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Designer of top Cambodian hotels launches white paper on improving hotel industry

Jose Rodriguez T. Senase / Khmer Times No Comments Share:
Bill Bensley outlines his views. Bensley Collection website

Bill Bensley, the world-renowned designer of luxury hotels, has launched a white paper that sets out suggestions on how the global hotel industry can contribute more to efforts to combat climate change and protect the environment.

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Bensley launched the Sensible Sustainability Solutions guide during the Thailand Tourism Forum 2020 held in Bangkok on Jan 20. The piece of work incorporates over three decades of his experience designing over 200 hotels around the world.

Among the most well-known creations of Bensley’s imaginative mind are the multi-award winning Shinta Mani Hotels in Cambodia (Shinta Mani Wild and Shinta Mani Angkor), which he co-owns with Sokoun Chanpreda. In addition to the Shinta Mani Hotels, the Harvard-schooled architect also designed many of the top luxury hotels in Southeast Asia, including Four Seasons Resort Koh Samui in Thailand, Capella Ubud in Indonesia, Rosewood Luang Prabang in Laos and JW Marriott Phu Quoc in Vietnam.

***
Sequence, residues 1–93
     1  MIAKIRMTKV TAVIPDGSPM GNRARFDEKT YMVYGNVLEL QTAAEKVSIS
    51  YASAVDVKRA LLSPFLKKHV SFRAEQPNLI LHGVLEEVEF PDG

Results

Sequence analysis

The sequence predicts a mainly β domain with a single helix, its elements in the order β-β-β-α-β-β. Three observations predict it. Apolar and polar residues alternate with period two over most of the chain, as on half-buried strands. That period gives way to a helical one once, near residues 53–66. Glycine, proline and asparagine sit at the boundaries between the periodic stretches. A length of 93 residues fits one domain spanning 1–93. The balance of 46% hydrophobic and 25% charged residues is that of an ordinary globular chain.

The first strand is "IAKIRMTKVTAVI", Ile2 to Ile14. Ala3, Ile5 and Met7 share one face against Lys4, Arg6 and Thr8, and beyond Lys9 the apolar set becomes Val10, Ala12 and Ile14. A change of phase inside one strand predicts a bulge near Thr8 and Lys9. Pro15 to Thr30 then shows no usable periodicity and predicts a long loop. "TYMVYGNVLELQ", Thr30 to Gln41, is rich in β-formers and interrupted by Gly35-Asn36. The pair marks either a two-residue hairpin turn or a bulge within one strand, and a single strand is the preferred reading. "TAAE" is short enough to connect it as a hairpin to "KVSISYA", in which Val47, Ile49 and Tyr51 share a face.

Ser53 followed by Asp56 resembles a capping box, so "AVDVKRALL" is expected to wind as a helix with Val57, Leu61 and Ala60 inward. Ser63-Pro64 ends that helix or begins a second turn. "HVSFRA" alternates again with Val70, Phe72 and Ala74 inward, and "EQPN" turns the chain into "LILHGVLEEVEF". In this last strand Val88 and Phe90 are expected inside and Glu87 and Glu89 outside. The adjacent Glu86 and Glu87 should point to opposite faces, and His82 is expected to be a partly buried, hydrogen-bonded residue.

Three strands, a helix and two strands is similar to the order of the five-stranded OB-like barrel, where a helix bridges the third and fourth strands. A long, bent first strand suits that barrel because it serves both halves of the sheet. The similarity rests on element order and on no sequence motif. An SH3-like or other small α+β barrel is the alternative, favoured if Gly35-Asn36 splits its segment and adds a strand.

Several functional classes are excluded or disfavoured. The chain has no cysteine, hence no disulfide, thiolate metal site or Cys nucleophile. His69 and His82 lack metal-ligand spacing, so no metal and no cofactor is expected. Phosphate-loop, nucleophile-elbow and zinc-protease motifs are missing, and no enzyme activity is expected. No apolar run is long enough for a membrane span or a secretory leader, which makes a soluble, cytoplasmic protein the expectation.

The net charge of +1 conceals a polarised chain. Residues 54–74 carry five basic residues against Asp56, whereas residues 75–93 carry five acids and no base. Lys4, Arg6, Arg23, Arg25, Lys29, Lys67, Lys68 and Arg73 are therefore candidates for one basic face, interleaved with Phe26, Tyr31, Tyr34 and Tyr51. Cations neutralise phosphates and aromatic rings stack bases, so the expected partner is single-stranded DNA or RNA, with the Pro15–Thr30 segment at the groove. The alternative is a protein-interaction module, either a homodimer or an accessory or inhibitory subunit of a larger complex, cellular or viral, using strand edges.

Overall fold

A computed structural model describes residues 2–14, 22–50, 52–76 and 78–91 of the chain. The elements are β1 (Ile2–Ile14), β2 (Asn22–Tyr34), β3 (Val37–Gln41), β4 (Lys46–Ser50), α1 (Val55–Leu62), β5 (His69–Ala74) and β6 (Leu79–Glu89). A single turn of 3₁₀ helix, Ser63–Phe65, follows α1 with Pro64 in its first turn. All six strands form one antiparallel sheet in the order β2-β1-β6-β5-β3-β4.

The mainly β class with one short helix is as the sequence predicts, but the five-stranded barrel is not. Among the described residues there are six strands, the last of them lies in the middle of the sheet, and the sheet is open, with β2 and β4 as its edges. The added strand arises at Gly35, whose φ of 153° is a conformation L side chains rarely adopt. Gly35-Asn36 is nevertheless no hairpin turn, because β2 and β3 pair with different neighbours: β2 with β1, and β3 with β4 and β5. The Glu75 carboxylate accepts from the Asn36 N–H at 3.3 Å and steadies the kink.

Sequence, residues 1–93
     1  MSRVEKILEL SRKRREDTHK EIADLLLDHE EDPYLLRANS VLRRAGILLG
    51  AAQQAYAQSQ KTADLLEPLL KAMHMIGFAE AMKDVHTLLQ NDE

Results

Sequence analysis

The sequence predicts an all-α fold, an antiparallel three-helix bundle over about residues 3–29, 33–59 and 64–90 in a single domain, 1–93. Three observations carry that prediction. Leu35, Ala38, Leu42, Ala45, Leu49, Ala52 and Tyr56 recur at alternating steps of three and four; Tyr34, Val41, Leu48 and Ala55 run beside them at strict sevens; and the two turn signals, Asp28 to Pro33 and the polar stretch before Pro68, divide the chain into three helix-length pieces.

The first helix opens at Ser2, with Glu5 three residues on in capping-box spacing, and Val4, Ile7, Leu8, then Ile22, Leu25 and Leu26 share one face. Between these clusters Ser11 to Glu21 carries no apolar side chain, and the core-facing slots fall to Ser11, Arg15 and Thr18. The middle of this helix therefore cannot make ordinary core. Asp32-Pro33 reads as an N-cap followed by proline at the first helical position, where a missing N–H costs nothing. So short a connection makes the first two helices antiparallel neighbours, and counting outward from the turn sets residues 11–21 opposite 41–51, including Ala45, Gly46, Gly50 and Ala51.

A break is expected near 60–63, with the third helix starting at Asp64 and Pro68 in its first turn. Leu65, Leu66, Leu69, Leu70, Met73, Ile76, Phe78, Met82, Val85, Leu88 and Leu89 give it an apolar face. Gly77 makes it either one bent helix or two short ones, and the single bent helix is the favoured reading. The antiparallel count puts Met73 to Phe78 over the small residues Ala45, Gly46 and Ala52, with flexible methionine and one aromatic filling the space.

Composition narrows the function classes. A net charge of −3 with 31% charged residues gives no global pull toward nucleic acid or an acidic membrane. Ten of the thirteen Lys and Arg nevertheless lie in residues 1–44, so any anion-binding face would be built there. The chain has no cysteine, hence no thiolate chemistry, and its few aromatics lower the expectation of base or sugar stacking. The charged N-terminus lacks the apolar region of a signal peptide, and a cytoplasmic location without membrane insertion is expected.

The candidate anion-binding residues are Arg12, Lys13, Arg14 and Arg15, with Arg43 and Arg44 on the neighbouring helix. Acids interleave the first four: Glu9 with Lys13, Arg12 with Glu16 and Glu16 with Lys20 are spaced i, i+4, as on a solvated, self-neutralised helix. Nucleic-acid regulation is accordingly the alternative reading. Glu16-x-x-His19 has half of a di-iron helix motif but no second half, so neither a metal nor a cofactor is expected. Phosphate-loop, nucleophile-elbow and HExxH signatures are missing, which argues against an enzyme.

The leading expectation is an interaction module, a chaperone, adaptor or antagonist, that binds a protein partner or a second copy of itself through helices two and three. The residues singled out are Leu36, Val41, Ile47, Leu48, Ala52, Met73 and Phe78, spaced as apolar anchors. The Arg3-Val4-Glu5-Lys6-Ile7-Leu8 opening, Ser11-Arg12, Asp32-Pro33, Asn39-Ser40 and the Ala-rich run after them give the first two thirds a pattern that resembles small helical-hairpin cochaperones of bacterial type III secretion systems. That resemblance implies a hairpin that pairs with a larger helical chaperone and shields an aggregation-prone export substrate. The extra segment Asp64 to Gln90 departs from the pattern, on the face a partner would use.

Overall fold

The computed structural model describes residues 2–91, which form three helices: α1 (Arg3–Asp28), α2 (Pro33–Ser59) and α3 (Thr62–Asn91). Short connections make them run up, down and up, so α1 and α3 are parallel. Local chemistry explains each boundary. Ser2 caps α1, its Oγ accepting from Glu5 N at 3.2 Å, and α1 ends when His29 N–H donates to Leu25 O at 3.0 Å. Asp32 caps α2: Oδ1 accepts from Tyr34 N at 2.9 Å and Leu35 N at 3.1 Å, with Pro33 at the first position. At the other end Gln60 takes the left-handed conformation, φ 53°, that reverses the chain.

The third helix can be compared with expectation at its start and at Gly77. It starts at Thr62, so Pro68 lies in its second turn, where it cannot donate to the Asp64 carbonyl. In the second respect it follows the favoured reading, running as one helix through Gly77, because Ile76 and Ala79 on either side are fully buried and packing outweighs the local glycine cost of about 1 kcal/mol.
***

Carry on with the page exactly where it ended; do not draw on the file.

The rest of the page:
“By issuing my standards to all hotel companies, I am sharing an unbranded, open-source archive of lessons which we have learnt about hotel design, purposes, and sustainability.

Bensley said that he is hoping his ideas will be considered by a rapidly growing industry.

“In the next five years, over 15,000 new hotels will be built in Bangkok alone. For each of those, every hotel operations company will have a set of standards that they issue to architects like me, explaining how they want their hotel to stand apart from the rest. Surprisingly few of these standards specify concrete statements or changes regarding sustainability.”

“It is my hope that Sensible Sustainability Solutions will give hoteliers ideas to create, hand in hand with hotel operators, eco-friendly hotels – not just greenwashed – using ideas which align with owners’ rigorous standards,” he added.

Bensley said that in the face of the current climate crisis, both hotels and the wider hospitality industry have a responsibility to think more about the environment and sustainability.

“I have long believed that hotel design should take advantage of the human interest they receive by way of teaching and setting examples of sustainability. Through these ideas, we can save money, improve communities and better our environment. We really must understand, now, in the 11th hour of life on earth that our world requires some serious rethinking.

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